Corby Could Be Freed in Three Days: Minister

By : Jakarta Globe | on 2:39 PM February 05, 2014
Category : News, Crime, Featured

In this photograph taken on April 22, 2008, convicted Australian drug trafficker Schapelle Corby, right, and fellow Australian convict Renee Lawrence attend a ceremony inside Kerobokan prison in Denpasar. (AFP) Convicted Australian drug trafficker Schapelle Corby is one of 1,700 inmates approved for parole, the justice minister says. (AFP Photo)

Jakarta. A top government official confirmed on Wednesday that Australian drug smuggler Schapelle Corby was set to be freed on parole as soon as this week.

“Some 1,700 inmates will be paroled, and Corby is indeed one of them,” Justice Minister Amir Syamsuddin said in Jakarta.

He added that the letter authorizing Corby’s release would be signed within the next three days, after which she could leave Kerobokan Penitentiary in Bali, where she has been held since her arrest in late 2004 for attempting to smuggle 4.2 kilograms of marijuana into the country.

Amir also denied that the government had given preferential treatment to the 36-year-old, who has seen her sentence of 20 years, handed down in May 2005, slashed by 27 months’ worth of remissions and a five-year cut upon appeal for presidential clemency.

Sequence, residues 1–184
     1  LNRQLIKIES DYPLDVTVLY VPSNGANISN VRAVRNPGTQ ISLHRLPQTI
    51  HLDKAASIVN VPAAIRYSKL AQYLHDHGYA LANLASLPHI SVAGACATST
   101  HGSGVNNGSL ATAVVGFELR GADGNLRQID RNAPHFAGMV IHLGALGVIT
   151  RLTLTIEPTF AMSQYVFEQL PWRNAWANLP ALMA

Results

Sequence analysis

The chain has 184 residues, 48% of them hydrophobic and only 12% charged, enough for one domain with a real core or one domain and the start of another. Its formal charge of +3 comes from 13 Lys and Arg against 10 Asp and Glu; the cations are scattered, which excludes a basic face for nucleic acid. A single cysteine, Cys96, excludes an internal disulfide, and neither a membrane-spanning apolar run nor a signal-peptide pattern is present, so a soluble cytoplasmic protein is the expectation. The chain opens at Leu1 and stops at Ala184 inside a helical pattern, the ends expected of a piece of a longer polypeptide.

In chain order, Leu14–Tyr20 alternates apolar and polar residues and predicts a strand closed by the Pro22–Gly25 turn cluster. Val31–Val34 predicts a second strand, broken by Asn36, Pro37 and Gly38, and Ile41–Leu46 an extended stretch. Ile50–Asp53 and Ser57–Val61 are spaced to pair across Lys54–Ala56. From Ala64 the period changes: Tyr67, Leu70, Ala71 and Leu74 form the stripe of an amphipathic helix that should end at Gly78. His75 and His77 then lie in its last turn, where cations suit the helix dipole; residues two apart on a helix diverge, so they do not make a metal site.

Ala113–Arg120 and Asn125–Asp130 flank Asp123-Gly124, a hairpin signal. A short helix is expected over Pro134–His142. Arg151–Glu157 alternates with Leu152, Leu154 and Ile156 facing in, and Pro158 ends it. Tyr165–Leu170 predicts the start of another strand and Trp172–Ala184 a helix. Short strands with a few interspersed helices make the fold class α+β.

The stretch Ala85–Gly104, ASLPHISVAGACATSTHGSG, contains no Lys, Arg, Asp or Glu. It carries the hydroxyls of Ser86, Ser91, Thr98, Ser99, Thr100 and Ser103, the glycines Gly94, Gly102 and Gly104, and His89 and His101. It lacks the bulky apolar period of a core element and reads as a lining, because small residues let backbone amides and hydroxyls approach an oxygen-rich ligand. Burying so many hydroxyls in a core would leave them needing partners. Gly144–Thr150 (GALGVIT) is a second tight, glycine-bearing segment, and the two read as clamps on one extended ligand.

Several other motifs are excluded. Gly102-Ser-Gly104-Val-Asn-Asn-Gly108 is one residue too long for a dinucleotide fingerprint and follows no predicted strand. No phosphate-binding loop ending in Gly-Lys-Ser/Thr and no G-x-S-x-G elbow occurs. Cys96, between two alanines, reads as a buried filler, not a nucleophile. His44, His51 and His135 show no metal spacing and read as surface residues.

“Corby did not receive any special treatment. As long as she complied to the policies and received a recommendation from the parole board, she has a right [to early release], in line with existing policies,” the minister said.

“When she earns that, I will finalize it. There is no special treatment for anyone. All the 1,700 [inmates] are being processed together.”

A Justice Ministry spokesman said on Monday that the decision for Corby’s parole had been handed over to the minister after authorities in Jakarta heard her case on Thursday last week.

Once released, Corby would have to remain in Bali for the remainder of her sentence and report regularly to authorities. She would live with her sister.

Her imminent parole, bogged down in months of bureaucratic wrangling, comes in the wake of the early release last month of another foreign drug convict, Frenchman Michael Blanc. Blanc was one of the few foreigners to have been freed on parole in recent years.

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